Then to the brutal 11th. Officially the hardest hole on the Open rota. The white and yellow tees are elevated away from the railway line and the view from there is worth seeing as it shows the hole nicely, but plays a very different tee shot. The O.B. wall runs down the right side of the entire hole, with the train tracks just the other side of it, and to the left there is the worst jungle on the course, all in all leaving no room for error. I hit a solid straight drive, but then got greedy with my second, blazing a 3-wood on to the 11.40 southbound to Ayr. The 11th green and 12th area is guarded by some trees, the last bit of shelter you will find before the 19th hole. 12 goes back southerly, a tough slight dogleg right par four, then the homeward stretch begins with the difficult 13th, as all of a sudden you feel very exposed to the elements.

I will always love 14 because of my 5-wood and 30 foot putt birdie. Wonderful long par three! Number 15 also caught the attention. A charming fairway mound just before the green that you can use to your advantage, especially if the pin is at the front. It was on this green that Stenson held that monster putt to finally put some distance between himself and Mickelson in their famous 2016 duel. The 16th is a flatish long par five with a cross fairway burn to negotiate and here the setting gradually becomes more urban to the right side of the course as you get closer to the town and the clubhouse. The 17th is a long par three, with a friendly landing area short right of the green and a more punishing fall-off on the left, overlooked by the Marine Hotel from the right, which actually evokes a very St Andrews like kind of vibe.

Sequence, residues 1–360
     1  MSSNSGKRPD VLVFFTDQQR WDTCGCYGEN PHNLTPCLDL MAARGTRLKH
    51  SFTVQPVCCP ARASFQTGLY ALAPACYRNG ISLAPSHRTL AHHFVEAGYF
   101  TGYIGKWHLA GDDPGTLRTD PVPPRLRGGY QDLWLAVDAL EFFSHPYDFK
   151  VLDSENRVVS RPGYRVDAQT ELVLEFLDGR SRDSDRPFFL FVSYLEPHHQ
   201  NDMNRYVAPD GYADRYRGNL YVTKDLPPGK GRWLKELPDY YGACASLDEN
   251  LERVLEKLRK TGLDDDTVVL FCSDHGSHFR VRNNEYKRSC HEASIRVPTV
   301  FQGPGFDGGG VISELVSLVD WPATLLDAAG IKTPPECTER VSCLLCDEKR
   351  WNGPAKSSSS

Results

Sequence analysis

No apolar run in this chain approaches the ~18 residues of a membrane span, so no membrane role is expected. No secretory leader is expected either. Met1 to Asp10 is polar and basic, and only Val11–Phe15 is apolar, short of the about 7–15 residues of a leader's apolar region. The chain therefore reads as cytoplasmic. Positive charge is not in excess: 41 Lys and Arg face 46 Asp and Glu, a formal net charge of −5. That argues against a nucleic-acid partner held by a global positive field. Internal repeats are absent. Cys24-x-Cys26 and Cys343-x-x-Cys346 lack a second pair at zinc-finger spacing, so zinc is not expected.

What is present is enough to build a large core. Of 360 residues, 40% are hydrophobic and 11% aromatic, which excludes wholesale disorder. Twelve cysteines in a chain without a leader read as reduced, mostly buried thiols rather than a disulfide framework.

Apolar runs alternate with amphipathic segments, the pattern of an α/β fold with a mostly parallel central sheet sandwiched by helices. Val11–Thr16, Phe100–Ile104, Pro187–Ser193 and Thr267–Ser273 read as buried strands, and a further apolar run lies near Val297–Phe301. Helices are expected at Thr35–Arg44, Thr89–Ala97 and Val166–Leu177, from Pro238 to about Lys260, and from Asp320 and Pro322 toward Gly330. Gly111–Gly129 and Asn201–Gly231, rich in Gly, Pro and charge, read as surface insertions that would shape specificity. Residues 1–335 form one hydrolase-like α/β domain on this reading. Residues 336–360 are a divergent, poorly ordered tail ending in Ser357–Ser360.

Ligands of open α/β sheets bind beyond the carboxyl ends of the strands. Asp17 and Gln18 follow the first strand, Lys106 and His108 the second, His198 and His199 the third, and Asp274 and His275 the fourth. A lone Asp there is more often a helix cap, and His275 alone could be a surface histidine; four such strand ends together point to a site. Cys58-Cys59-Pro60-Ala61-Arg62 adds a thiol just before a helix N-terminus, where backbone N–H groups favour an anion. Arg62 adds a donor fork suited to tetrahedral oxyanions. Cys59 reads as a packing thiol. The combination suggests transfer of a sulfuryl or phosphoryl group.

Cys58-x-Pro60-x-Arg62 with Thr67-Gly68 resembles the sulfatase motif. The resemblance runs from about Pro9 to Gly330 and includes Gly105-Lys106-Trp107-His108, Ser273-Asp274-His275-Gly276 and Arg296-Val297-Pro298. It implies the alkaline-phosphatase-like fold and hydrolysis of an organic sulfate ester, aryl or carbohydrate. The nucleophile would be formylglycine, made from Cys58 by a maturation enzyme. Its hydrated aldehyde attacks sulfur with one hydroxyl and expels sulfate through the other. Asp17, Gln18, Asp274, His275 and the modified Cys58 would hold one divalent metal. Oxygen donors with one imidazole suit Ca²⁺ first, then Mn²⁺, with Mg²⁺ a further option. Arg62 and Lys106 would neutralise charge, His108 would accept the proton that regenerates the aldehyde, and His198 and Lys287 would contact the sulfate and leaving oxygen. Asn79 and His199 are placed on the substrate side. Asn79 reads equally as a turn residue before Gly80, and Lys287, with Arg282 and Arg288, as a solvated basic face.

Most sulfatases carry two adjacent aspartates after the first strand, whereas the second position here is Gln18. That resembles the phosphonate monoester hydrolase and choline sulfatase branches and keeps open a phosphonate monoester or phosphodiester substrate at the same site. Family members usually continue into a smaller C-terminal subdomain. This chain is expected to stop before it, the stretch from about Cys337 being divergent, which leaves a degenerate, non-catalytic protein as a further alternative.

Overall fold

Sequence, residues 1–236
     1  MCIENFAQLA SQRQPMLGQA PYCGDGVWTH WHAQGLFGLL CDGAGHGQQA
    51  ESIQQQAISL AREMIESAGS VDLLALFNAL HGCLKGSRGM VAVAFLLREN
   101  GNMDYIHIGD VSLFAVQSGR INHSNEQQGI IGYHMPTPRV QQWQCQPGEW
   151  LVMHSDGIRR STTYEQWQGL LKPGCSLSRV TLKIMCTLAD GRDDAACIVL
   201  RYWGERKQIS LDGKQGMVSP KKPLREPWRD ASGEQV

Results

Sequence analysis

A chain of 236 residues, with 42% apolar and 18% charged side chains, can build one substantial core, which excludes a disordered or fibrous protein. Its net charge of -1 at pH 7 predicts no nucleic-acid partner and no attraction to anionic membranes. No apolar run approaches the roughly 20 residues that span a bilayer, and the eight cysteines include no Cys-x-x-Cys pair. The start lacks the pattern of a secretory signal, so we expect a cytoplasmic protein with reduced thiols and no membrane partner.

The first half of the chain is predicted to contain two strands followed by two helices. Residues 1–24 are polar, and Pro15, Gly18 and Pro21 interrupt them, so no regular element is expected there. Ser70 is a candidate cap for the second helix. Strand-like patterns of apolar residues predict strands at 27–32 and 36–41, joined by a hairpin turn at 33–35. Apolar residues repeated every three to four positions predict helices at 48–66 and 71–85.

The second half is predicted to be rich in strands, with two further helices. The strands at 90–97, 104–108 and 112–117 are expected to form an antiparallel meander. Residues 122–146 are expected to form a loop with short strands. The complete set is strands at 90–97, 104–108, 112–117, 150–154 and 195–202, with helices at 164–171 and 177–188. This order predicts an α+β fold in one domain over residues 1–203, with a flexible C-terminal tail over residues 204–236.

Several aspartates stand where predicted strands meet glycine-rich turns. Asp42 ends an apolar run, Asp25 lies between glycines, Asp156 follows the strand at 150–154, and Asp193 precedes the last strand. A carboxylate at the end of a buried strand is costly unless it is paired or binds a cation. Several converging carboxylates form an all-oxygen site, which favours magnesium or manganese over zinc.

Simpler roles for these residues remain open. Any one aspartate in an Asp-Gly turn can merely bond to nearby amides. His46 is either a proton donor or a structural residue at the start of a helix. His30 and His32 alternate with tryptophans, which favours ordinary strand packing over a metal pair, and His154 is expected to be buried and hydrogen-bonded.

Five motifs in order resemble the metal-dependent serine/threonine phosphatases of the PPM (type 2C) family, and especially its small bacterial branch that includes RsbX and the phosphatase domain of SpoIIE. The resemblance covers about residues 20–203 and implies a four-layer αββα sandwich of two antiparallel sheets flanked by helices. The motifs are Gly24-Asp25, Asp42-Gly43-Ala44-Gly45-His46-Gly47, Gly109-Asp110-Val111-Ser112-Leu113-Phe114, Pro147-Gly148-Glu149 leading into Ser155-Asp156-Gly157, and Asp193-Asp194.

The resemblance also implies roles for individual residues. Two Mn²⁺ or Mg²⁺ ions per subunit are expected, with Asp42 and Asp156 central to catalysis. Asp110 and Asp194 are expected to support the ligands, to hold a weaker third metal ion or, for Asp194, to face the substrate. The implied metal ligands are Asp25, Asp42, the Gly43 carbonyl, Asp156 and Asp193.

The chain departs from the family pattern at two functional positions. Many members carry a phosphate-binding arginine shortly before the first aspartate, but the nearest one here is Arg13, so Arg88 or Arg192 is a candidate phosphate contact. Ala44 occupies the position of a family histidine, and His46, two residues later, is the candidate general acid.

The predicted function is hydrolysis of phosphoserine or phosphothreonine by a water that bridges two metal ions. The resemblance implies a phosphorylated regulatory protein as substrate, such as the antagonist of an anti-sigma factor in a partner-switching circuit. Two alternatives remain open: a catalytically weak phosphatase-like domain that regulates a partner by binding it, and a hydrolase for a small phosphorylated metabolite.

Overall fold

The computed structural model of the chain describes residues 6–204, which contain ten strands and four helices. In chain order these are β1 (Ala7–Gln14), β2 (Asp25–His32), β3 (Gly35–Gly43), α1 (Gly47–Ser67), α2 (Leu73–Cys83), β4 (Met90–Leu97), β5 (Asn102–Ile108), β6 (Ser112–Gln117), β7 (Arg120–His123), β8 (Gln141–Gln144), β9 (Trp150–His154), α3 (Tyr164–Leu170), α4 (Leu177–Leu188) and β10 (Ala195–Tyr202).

Most Open rota finishing par fours seem to have certain similarities. Decent if not spectacular par fours in their own right and quite flat with numerous bunkers along the fairway and at greenside, obviously enhanced by the grandeur of the clubhouse setting on any given day and even more so by the grandstands at Open time. The 18th at Troon is no different and a mere driver and 8-iron for me on the day. Note the Stenson bunker (that he somehow did not roll into) on the right side at about 275 yards from the back tee.

I must comment on the welcome I received at Troon. It was exceptional and made the day all the more memorable.

March 29, 2020